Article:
I remember a previous employer giving a presentation on customer loyalty and on the top end of the scale using Apple as the company many strive to be. It was a simple case of whatever product Apple release people will still go out and buy it. The whole debate of the iPad as changing the way we use computers got a lot of people talking when it first launched. It was only a matter of time before the others would although I feel it would be fair to say that Apple are still leading the tablet market. In the next couple of weeks it looks like there's a new kid in town as Blackberry are finally set to launch the much anticapted Playbook. The big news for the Flash community is that the device will support Flash player 10 as well as Air applications. I feel it's also important to mention that I feel Blackberry have so far done a good job with getting the Flash community involved through the Free Playbook Offer and listening to developers to improve the signing and approvals process developers have to follow to successfully launch apps. I feel until a few months have passed though it will be unfair to give a full decision on the device.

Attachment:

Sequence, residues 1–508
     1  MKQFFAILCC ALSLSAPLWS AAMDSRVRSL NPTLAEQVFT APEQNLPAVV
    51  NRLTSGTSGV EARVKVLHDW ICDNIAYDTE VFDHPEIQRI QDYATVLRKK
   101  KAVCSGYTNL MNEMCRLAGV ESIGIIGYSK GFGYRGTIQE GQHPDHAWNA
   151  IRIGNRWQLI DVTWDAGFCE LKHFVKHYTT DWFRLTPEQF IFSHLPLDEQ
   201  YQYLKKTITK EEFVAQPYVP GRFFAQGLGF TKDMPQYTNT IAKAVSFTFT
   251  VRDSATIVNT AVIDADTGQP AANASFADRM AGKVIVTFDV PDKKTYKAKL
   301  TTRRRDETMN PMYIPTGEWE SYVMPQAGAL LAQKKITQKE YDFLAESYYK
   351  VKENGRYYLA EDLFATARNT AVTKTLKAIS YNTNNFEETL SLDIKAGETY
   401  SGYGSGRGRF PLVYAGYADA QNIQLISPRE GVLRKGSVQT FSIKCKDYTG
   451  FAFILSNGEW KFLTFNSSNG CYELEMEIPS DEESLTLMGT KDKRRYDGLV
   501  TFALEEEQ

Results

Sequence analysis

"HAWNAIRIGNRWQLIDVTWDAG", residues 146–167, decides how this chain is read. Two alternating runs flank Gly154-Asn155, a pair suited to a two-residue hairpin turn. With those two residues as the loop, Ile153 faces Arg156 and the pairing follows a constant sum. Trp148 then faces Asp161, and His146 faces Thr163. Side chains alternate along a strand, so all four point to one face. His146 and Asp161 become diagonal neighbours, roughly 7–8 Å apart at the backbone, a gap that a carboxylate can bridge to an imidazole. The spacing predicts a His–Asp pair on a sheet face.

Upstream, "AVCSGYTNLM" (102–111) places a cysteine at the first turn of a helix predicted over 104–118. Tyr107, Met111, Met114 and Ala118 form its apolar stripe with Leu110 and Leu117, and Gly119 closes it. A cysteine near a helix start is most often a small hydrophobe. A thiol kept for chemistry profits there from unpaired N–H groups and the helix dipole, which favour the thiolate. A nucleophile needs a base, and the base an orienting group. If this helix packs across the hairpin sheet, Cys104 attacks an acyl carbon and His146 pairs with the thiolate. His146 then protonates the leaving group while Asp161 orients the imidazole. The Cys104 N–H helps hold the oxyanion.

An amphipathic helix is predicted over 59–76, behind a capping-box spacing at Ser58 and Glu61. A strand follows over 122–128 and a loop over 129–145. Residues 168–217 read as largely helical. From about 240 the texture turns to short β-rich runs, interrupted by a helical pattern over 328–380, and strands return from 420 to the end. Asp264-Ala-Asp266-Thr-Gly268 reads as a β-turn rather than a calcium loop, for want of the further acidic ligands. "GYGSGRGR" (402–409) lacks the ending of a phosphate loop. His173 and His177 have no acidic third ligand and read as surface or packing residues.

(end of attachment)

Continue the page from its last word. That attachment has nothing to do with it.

None of these points are going to be the make or break of the Flash platform, but are examples of how technology is being bought to the Flash developers toolkit and how they can deliver their products. The most important point to acknowledge is something Charles Schulze recently quoted during the release video of his Comb Over Charlie App, where he made the point of stating that it no longer takes several months to deliver a product to multiple platforms. To elaborate on this this imagine a client who wishes to launch a product on the web, an Android device, IOS device and Google TV? They would no longer necessarily need to employ a web, IOS and Android developer to create a product that would run across multiple user base devices - one Flash developer/ team that could create the product that once created would only take minimal time to bring to each delivery platform - the best bit... I can't help but feel most of this is due to the success of the Apple App store... would we necessarily have Android, Google and Blackberry stores without it?